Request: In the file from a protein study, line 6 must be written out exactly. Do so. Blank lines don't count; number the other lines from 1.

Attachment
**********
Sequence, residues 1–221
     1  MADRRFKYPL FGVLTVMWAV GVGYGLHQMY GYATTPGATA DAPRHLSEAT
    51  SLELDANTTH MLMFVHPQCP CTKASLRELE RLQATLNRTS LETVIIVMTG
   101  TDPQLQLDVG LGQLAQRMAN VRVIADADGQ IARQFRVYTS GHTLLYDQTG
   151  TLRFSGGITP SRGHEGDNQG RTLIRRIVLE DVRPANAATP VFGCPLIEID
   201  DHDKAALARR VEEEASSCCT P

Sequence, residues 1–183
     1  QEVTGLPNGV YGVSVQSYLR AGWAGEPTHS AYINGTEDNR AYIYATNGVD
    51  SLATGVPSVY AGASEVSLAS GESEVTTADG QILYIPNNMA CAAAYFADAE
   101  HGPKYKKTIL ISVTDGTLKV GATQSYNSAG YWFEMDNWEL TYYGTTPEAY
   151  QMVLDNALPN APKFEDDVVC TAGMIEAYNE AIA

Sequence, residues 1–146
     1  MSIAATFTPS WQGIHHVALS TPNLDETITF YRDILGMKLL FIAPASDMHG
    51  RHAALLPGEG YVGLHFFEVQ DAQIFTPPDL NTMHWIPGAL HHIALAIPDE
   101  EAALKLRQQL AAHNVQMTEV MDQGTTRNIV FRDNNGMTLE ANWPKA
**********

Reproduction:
   201  DHDKAALARR VEEEASSCCT P